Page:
Chris Coyer, QB — Coyer attempted more plays on the ground than through the air and ran for more yards than he passed. It probably won’t be the last time that happens this season. The stats broke down to 86 yards and a touchdown on 13 rushing attempts and 61 yards on five completions in 11 passing attempts. To be honest, nothing much to report here as his reps were limited. He started out 3 for 3 before then going 0 for 3 and then 2 for 5. Temple ran the ball as expected, and Coyer did what he had to when asked, with the exception of a couple poor passes on third down. Still, the offense was so vanilla that it was hard to get gauge on anything, and he certainly wasn’t going to get into any kind of rhythm passing the ball. In short, he was fine.
Vaughn Carraway, FS — As good as Brown was, it was Carraway that swung the game in the second quarter. After a 14-play, 78-yard Villanova drive put the Wildcats on the board with a field goal and down 7-3, the Temple offense left the field on two straight three-and-outs as the game was settling in and the VU beginning to generate a bit of momentum. But when ‘Nova QB Chris Polony targeted his star wideout, Norman White, down the left sideline, Carraway came over the top, intercepted the ball and and made multiple would-be tacklers look silly in his 57-yard return to the end zone. It was the second INT of his career and his first touchdown. Just two plays later, a Carraway recovered a Nate Smith-forced fumble. And just three plays after that, Coyer was in the endzone. Those two turnovers advanced the Temple lead from four to 18 points in 48 seconds. Carraway, by the way, also finished with three tackles.
Nate Smith, MIKE — The man who knocked loose the aforementioned Kevin Monangai fumble, Smith led the Temple defense with seven tackles, all of which were unassisted.
Notes and Story lines
Don’t get too excited — Yes, it was a confidence-instilling, Week 1 blowout victory, but it was against an FCS team that wasn’t very good last year, and is missing three key guys on offense. This game should have played out exactly how it did. That fact that Temple took care of business is a good sign, but doesn’t say much about how they’ll stack up against the Big East.
Receivers MIA — Well-explained by the Inqy’s Keith Pompey: “West performance of the game: I hate to do this to the Owls’ outside receivers, especially when Wildcats quarterback Chris Polony completed just 2 of 7 passes and threw an interception. But I can’t overlook that Deon Miller, C.J. Hammond and Ryan Alderman were all held without a catch. Hammond failed to catch a very catchable pass on the deep throw toward the Wildcats’ sideline. In Miller’s defense, he’s getting over an viral illness. But slot receiver Jalen Fitzpatrick, caught two passes for 33 yards, will need help if the Ow
ls expect to keep teams from loading the box to stop the run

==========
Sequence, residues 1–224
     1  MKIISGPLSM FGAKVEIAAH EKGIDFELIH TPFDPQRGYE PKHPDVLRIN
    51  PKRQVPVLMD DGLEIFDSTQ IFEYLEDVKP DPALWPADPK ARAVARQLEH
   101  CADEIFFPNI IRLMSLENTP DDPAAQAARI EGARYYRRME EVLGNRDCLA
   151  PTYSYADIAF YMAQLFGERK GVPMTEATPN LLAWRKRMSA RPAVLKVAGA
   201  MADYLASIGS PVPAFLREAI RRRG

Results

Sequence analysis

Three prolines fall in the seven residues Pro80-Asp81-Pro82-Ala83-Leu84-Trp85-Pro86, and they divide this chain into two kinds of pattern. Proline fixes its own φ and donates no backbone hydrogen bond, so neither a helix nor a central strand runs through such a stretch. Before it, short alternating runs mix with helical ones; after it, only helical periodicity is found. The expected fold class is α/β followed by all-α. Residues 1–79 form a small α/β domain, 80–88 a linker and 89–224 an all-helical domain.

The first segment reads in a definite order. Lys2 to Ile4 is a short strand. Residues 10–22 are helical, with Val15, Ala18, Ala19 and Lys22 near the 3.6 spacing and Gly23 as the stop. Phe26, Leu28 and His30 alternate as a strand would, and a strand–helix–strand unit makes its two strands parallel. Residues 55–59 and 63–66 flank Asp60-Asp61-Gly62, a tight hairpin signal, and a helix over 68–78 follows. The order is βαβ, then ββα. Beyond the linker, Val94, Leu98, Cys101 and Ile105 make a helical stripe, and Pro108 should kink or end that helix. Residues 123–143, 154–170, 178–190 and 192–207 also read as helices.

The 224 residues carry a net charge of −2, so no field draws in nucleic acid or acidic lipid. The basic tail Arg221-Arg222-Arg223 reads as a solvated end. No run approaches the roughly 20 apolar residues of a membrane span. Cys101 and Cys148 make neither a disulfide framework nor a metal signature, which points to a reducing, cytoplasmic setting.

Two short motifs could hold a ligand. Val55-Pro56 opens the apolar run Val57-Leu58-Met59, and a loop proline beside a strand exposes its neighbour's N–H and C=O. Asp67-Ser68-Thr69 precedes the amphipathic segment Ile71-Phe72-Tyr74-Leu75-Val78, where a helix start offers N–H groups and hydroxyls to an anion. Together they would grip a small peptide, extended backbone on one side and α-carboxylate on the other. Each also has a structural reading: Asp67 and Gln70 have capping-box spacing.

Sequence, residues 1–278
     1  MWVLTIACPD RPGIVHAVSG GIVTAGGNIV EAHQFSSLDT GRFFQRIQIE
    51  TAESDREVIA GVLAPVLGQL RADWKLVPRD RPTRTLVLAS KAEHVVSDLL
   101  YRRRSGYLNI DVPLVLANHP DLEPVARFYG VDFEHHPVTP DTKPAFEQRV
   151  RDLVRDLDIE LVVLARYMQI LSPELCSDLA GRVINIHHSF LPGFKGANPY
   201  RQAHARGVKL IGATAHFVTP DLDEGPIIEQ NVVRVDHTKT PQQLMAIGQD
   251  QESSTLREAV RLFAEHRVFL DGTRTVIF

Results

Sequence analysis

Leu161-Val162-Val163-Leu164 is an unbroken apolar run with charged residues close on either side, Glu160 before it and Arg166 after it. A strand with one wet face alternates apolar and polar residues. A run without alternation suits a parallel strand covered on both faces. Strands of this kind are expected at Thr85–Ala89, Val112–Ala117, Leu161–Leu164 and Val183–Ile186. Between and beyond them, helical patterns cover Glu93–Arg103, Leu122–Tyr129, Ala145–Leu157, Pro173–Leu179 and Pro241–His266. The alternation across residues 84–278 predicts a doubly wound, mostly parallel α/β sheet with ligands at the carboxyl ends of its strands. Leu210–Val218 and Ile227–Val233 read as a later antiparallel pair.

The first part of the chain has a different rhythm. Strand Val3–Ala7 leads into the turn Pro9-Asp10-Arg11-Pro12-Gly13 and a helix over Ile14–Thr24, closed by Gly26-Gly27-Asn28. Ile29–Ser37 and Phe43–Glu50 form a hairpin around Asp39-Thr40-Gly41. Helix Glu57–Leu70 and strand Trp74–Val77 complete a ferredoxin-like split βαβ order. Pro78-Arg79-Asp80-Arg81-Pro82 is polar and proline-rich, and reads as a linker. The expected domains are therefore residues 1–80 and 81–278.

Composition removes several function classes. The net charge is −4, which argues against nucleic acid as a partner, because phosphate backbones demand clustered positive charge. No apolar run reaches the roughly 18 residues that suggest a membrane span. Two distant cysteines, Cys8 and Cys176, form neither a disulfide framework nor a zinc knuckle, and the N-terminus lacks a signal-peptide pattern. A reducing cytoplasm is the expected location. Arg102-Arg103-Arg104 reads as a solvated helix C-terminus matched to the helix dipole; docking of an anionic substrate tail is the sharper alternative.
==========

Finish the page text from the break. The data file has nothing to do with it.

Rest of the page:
.”
Hamstrings can be like the Cranberries — I mean that they can linger, not that they’re in your head. Montel Harris can be a great weapon for Temple this year; he’s the nation’s active leader in 100-yard rushing games. With any luck, he just needs some rest and a light week of practice.
Expanding the playbook — The Temple offense was remarkably boring Friday night and with good reason. Temple didn’t want to show much of anything to Maryland or Penn State — their next two opponents — and they didn’t. In addressing Harper’s performance postgame, Addazio spoke with excitement about what the team might look like in his fully-realized spread and how Harper and slot receivers Jalen Fitzpatrick and Khalif Herbin can all line up at tailback. So how much did they hold back? According to Matt Brown, .01% of the offensive playbook was on display Friday night.
Offensive line status report — They’re alive. They protected Coyer well and opened holes for the backs. They’re alive.
Not So Stormin’ Norman — Norman White, Villanova’s pro prospect wideout who missed all of last season with a foot injury, led all Wildcat receivers, but caught just four balls for 33 yards. He dropped at least two balls sent his way, including one that went right through his hands on third down. Temple doubled-up him on nearly every passing play. Talley said after that the double coverage obviously kept White’s touches down, but that there were other times when quarterbacks Chris Polony and John Robertson simply missed their open receiver because they were forced to pull the ball down under pressure.
Fight song drowns out Talley — Just as Andy Talley took the podium to address the media, the Temple locker room began signing the “T for Temple U” fight song. Superb timing. Listen to that audio here and Steve Addazio’s postgame address below.
 

Next Up
– Temple hosts the Maryland Terrapins next Saturday at Noon. The game will be televised on ESPNU.